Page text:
“We don’t want to be thepeople monitoring every single thing of their lives, because their whole lives are monitored and dictated,” Snow said. “We try to find ways that they can express some kind of power over their own choices, when they’re not being hurtful to others.”
In order to manage stress, students are not given much homework and they are typically given project-based assessments instead of tests. Both students and teachers alike said the approach has worked.
“Other schools they teach the class, not the students,” 7th grader Athena Palmer said. “[Here] they go out of their way to help you learn.”
“I feel like this school allows me to teach how I always wanted to teach,” second-year teacher Erika Pierce said. “Focusing on student needs first, instead of starting with curriculum.”
The school opened with 23 sixth graders. Since then the school has grown to serve students in 7th and 8th grades, and there are now 42 total students, many of whom go on to Murray High School after graduation. But while the school population has expanded, the growth is smaller than the founders had originally anticipated.
Teachers at Community Public Charter School assign very little homework and give few tests and instead try to give project-based assessments.
When the founders created the school, they had hoped it would expand to 50 students after three years, and then eventually 100 students. But they have been unable to expand because of the limited space they’re given by the County. While the founders said they are appreciative of the space, they don’t have room to expand without increasing class sizes. Currently, there are six students on the waitlist trying to enroll in the school.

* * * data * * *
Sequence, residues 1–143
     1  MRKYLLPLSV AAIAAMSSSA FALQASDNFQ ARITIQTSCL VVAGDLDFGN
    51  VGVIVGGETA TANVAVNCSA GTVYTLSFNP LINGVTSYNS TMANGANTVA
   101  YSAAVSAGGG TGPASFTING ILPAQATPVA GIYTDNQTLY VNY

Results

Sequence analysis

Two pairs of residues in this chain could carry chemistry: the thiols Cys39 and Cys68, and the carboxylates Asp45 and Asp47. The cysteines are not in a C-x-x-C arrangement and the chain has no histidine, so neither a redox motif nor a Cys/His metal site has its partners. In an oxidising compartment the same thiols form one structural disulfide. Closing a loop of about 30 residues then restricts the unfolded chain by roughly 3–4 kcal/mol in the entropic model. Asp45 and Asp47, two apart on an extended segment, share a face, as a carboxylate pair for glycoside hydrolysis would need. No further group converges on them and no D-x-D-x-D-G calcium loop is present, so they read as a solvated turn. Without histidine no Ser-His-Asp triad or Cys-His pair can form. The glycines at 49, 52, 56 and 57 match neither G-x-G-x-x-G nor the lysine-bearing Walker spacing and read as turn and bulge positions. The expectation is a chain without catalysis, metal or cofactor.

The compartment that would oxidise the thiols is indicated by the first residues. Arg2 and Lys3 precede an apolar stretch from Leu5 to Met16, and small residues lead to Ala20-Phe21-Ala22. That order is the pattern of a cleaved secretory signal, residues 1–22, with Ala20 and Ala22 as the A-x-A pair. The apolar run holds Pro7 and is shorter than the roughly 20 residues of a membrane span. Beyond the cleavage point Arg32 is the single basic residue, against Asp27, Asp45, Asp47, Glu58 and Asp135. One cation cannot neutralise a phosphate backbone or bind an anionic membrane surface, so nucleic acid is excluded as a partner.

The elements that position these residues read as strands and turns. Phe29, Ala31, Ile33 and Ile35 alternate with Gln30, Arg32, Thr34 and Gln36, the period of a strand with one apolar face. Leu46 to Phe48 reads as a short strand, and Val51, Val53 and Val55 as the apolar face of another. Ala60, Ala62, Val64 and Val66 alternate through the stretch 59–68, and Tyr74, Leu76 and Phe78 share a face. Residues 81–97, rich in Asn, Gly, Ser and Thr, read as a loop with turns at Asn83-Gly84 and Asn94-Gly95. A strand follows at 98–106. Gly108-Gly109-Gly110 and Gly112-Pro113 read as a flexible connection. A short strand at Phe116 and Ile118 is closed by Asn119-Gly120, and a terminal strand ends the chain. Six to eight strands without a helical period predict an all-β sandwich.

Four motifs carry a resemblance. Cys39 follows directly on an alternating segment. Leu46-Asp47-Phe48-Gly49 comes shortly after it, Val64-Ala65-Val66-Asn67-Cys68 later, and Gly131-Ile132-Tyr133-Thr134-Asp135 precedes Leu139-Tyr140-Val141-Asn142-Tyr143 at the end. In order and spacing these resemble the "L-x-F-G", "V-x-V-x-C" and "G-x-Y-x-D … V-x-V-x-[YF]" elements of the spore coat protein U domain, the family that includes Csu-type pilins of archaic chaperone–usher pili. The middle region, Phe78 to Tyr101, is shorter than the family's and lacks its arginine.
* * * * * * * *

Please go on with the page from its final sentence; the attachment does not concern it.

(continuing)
Another reason the school can’t expand is the lack of money. The school has received increased funding from the County as the numbers of students has grown, but they still rely heavily on private donations. Snow said that while the school has raised over $1 million since the founding, the financial future of the school is unclear.
A new challenge was last year’s drop in test scores.
While over 85 percent of the students passed their reading and mathematics Standards of Learning tests in 2012, only 49 percent of students passed the reading SOLs in 2013, and 19 percent passed mathematics.
Ashby Kindler, the principal of both of Albemarle’s charter schools, was quick to point out that many schools experienced lower SOL scores last year because of increased state standards. Murray however—which is home to 109 students—received much higher test scores: 83 percent of students passed the mathematics SOL and 100 percent of students passed reading.
But co-founder Sandy Richardson said the current testing standards are not an adequate way to measure success of their students.
“The SOLs are unfortunate,” said Richardson. “We have a population of students…[who] don’t do well on that kind of standardized testing, so that’s one day, one experience.”
This provides an extra challenge for teachers, who so far have had a high turnover rate; the current group of teachers has been at the school for two years or less. According to the co-founders, teaching in a more non-punitive environment is easier said than done.
“This is a hard place to work,” said Richardson. “Kids are very energetic and it takes a lot for a teacher to switch over from being in a traditional setting to being in an alternative setting.”
Despite the bumps in the road, the future of the Community Public Charter School, according to Haun, is bright.
“Each year it has gotten better and better,” said Haun. “It has done very, very well…and we’re pleased with the progress it has made.”